F5 is known for its cloud-native application and API security platforms. To help provide in-depth defense and a coordinated security architecture for an organization’s web apps and APIs, F5 recently introduced the F5 Distributed Cloud Web Application and API Protection (WAAP), a multi-layered, network-based solution that delivers leading WAF (Web Application Firewall) capabilities combined with DDoS mitigation, API management, and bot protection. By combining all these proficiencies into an easily deployed SaaS (Software as a Service) offering, F5 delivers leading-edge security with straightforward unified monitoring and controls to protect applications and APIs against today’s wide range of threats.

As you can see in the chart above, F5 offers solutions focused on protecting the apps and API “above the line.” In this regard, F5 app and API protection (through its WAAP platform) is considered an industry leader.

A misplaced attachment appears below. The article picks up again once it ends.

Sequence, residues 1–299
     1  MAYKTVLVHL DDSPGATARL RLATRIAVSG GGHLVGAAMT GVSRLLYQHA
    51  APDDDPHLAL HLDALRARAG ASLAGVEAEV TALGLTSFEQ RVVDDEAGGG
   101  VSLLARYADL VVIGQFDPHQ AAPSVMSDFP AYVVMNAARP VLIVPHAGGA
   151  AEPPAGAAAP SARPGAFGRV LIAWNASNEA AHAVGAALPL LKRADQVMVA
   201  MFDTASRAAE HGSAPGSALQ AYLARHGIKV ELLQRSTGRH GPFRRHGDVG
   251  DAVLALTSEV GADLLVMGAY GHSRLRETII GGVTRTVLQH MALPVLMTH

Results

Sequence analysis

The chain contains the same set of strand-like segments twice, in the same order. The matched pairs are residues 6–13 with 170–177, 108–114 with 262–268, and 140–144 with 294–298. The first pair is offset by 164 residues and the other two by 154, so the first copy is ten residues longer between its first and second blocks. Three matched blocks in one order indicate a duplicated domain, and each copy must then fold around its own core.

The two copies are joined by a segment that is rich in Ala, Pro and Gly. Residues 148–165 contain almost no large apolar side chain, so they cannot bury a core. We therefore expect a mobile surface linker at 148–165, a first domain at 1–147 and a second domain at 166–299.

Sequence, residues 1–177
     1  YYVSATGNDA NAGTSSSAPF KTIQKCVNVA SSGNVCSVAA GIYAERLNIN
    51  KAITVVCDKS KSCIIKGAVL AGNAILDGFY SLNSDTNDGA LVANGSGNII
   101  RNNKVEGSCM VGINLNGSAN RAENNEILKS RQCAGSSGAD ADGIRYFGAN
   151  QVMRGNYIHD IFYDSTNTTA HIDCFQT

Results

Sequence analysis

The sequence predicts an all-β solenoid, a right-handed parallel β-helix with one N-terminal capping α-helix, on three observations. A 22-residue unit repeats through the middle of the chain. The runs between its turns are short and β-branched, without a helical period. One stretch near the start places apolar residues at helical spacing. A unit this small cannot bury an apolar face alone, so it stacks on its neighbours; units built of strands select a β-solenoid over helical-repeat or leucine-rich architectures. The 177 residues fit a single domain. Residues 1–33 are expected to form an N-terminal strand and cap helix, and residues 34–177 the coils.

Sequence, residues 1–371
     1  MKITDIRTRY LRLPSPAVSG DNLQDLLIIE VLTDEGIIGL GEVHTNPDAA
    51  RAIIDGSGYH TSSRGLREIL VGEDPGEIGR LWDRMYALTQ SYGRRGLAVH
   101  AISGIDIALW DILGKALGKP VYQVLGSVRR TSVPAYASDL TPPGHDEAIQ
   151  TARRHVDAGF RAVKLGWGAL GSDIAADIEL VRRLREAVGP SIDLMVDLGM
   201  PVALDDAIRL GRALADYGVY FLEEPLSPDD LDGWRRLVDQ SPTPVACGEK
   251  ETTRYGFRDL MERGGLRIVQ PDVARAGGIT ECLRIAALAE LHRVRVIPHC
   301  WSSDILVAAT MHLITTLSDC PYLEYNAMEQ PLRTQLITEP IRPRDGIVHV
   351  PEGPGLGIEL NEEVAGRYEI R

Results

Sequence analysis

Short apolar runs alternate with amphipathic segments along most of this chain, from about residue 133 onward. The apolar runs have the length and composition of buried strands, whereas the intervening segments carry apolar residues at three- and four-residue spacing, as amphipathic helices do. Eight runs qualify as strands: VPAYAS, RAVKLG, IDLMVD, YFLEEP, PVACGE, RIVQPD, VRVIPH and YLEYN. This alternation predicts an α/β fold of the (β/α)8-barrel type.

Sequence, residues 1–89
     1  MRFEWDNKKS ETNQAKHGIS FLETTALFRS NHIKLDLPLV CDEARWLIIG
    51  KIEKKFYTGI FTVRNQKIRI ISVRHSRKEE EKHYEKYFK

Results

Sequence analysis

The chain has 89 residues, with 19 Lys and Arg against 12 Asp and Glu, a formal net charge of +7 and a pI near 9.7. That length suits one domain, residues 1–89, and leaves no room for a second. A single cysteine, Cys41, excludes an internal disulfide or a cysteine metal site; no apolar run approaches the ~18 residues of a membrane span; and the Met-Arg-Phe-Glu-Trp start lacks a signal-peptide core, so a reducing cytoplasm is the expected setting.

As more businesses move onto the cloud, the threat surface increases, and businesses – and their data – become increasingly vulnerable to vulnerabilities, threats, and attacks. To resolve this, F5 and Threat Stack work together.

Threat Stack, as a part of F5, is a cloud-workload protection tool that delivers high-efficacy intrusion detection for cloud-native workloads. Its ThreatML(r) combines rules, unsupervised and supervised machine learning, and human analysis and response (including a highly-regarded Security-Operations-Center or SOC. This combination detects, responds to and reports on vulnerabilities and threats in real time across the entire infrastructure stack: Cloud provider APIs, virtual machine instances, containers, and Kubernetes.